In addition to the summary judgment context, the Second Department has routinely precluded experts from testifying at trial where expert disclosure was not exchanged prior to the filing of the note of issue. See Burnett v. Jeffers, 90 A.D.3d 799 (2d Dept. 2011); Banister v. Marquis, 87 A.D.3d 1046 (2d Dept. 2011); Sushchenko v. Dyker Emergency Physicians Serv., P.C., 86 A.D.3d 638 (2d Dept. 2011). Preclusion of experts is disastrous in medical malpractice actions, where expert testimony is necessary to prove or defend against an alleged deviation from the accepted standard of medical care and to establish or disprove causation. If the testimony of a party’s expert is precluded, it will be virtually impossible for that party to make out a prima facie case (if plaintiff’s expert is precluded) or otherwise defend against the claims asserted (if defendant’s expert is precluded).
In one recent medical malpractice case, Herrera v. Lever, 2012 N.Y. Slip Op. 50477[U] (Sup. Ct. Kings County March 15, 2012), the trial court determined it would be “inherently prejudicial” to permit the testimony of the plaintiff’s expert at trial where the plaintiff failed to disclose the expert until 16 months after filing the note of issue. With Justice Battaglia qualifying the prejudice resulting from delay in expert disclosure as “inherent,” the Herrera decision revealed just how far the preclusive principles of Singletree have been stretched.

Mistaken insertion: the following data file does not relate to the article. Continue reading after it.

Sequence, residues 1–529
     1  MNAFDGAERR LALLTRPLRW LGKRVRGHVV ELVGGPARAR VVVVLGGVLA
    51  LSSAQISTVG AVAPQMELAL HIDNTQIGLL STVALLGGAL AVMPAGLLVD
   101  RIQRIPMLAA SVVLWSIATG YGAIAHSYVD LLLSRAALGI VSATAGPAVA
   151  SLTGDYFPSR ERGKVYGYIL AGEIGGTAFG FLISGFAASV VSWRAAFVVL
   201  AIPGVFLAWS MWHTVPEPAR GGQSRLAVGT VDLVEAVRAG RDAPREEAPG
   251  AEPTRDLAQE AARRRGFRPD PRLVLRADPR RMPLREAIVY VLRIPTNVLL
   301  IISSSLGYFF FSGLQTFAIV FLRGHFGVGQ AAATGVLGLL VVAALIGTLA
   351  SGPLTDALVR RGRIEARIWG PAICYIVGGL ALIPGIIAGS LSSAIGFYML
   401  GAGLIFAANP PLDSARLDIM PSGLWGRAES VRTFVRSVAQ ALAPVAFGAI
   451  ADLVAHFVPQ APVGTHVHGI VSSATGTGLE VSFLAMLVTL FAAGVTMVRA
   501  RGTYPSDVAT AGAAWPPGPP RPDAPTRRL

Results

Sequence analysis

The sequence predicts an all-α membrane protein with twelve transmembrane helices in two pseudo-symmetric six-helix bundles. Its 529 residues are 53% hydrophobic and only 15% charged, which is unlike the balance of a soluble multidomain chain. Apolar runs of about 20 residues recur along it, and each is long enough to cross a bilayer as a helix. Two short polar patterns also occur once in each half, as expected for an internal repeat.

Reining In with Rivers
Just last month, the Second Department dispelled the prevailing notion that expert disclosure is automatically rendered untimely if not effectuated during pre-trial discovery. In Rivers v. Birnbaum, supra, the appellate court “clarif[ied] that the fact that the disclosure of an expert pursuant to CPLR 3101(d)(1)(i) takes place after the filing of the note of issue and certificate of readiness does not, by itself, render the disclosure untimely.” Id. at *7. Rather, a trial court retains discretion to consider an expert’s affidavit, after considering all of the relevant circumstances in a particular case, even where the court determines that expert disclosure was not made timely. The court noted that the fact that expert disclosure is made after the filing of the note of issue “is but one factor in determining whether disclosure is untimely.” Id. at *25. While the majority decision does not identify what additional factors trial courts should consider, Justice Miller’s concurrence offers some guidance: